Federal Workers — President Obama earlier implemented a pay freeze to show how tough he is on spending and then spent the next several years being dubbed a big spender. After that thankless sacrifice, federal workers were furloughed in 2013, and the latest budget deal asks them to give up some of their pensions so we can keep tax rates low. We can’t think of a better way to manage employee morale and attract and retain top-quality talent.

Marco Rubio — The rising Republican star and Florida senator abandoned what could have been his first big legislative achievement. We don’t understand the long game here — the man wants to be president and he’s slowly losing his hair! Americans haven’t elected a bald president since Dwight Eisenhower in the 1950s … and that guy had won World War II.

America — My God, what a year.

amerca

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Wealth And Inequality In America


Infographics on the distribution of wealth in America, highlighting both the inequality and the difference between our perception of inequality and the actual numbers. The reality is often not what we think it is.

What did Pope Francis Say About the Results of Trickle Down Economics?


Tax breaks to millionaires and billionaires doesn’t create jobs.

John Hively's Blog: News and Analysis of the War Against the Middle Class

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New Study Shows that Corporate Tax Cuts Won’t Create Jobs


New Study Shows that Corporate Tax Cuts Won’t Create Jobs

BY OLIVIA SANDBOTHE  |  DECEMBER 18, 2013

There’s no correlation between low taxes and job creation.

That’s the finding in a new report from the Center for Effective Government that refutes corporate CEOs, bankers and tea party members of Congress who engage in some serious magical thinking when it comes to taxes and job creation.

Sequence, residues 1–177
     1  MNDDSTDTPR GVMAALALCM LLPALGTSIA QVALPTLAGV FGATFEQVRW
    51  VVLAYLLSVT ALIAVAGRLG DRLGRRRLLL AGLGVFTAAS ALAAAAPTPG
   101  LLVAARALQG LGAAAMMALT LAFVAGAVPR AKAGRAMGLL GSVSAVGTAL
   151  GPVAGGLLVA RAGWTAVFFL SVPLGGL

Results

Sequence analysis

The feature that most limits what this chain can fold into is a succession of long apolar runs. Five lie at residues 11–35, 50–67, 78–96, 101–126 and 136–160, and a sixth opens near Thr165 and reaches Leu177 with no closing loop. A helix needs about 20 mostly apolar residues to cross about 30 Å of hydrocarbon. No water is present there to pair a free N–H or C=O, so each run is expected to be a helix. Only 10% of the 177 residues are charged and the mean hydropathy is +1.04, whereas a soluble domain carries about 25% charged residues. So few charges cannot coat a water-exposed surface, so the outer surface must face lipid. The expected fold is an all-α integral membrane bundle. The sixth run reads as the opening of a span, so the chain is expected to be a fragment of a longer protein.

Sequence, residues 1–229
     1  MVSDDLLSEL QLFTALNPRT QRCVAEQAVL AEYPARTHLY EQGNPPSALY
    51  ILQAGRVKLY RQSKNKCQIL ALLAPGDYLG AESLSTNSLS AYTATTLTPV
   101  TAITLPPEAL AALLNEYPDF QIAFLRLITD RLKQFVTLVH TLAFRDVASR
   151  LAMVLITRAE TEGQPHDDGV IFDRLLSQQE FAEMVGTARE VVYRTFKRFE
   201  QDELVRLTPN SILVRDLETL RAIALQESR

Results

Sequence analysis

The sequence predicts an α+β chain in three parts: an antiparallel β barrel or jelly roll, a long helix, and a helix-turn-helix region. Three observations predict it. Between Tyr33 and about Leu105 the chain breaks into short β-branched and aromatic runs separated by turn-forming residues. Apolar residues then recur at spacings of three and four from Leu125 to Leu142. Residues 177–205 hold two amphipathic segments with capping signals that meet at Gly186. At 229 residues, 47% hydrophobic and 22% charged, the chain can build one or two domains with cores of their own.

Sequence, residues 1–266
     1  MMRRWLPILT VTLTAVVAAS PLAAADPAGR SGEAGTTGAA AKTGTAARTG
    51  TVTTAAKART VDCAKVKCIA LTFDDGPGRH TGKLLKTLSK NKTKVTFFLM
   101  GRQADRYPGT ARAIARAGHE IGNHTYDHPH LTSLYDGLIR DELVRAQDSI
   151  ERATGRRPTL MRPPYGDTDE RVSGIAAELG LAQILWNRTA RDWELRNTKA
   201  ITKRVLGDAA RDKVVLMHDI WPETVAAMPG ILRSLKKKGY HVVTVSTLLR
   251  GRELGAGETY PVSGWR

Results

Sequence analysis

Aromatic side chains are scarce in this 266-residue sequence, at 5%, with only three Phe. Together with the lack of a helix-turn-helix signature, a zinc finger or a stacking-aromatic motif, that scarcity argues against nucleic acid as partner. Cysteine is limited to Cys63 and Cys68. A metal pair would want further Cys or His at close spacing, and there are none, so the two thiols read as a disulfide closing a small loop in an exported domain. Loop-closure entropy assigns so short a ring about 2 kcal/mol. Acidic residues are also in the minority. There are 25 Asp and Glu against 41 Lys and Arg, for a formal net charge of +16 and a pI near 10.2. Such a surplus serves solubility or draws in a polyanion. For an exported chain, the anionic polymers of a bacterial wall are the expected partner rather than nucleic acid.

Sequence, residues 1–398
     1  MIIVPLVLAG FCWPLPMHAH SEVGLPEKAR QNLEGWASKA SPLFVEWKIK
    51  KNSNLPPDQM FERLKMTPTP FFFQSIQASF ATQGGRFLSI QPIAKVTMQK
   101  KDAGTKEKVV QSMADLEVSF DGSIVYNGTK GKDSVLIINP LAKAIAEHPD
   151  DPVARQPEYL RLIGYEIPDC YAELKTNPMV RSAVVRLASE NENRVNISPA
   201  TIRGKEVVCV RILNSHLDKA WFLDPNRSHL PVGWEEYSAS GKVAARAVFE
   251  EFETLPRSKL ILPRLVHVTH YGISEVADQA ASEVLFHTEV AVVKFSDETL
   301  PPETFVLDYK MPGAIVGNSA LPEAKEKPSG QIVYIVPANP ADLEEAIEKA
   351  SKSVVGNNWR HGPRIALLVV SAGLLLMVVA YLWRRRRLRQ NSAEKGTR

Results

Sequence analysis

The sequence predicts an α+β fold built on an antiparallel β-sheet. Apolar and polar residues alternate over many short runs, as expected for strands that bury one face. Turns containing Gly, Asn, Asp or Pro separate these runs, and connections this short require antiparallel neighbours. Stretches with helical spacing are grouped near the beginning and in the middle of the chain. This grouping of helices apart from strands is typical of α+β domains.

We’ve heard these voodoo economics before: cut taxes and jobs will appear.  Right now,corporate tax rates are at their lowest point in 40 years even as profits soar.  Meanwhile, our economy is still struggling. It’s about time we questioned why these policies have yet to result in the job growth that their proponents predicted. 

In the new study, The Center for Effective Government, a nonprofit group that studies the economic impact of public policy, analyzed the Fortune 500 companies that posted profits between 2008 and 2012. Then it compared the job numbers of the companies that paid the highest tax rates to those of the companies that paid the fewest taxes.  

Of the 30 companies that paid more than a third of their profits in taxes, all but eight added jobs between 2008 and 2010. As a group, these companies reported a net gain of more than 200,000 US jobs.

Compare that to the 30 corporations that paid the lowest rates.  Many of these firms are paying no federal income taxes at all.  Even as this group raked in $159 billion in profits, only half of them added any jobs.  In total, they cut more jobs than they added, for a net result of 51,000 jobs lost. 

These numbers tell a story that many of us already knew.  Corporations don’t seek out lower tax rates because they’re eager to start hiring.  They do it to boost profits, and they don’t intend to share those profits with the rest of us.

What it all means is that billions of dollars that could be spent on education and infrastructure that benefits everyone are instead being hoarded by corporate CEOs.  The Center for Effective Government estimates that we could raise $220 billion simply by closing tax loopholes that allow corporations to hide money overseas.  Raising the federal corporate tax rate by only a few percentage points would be even more effective.

Public opinion is starting to turn against trickle-down economics.  Even Pope Francis has come out against the idea. It’s time to use that momentum to push for a tax system that benefits everyone instead of one that chases after imaginary job growth at the expense of our public programs.

You can read the entire CEG report by clicking here.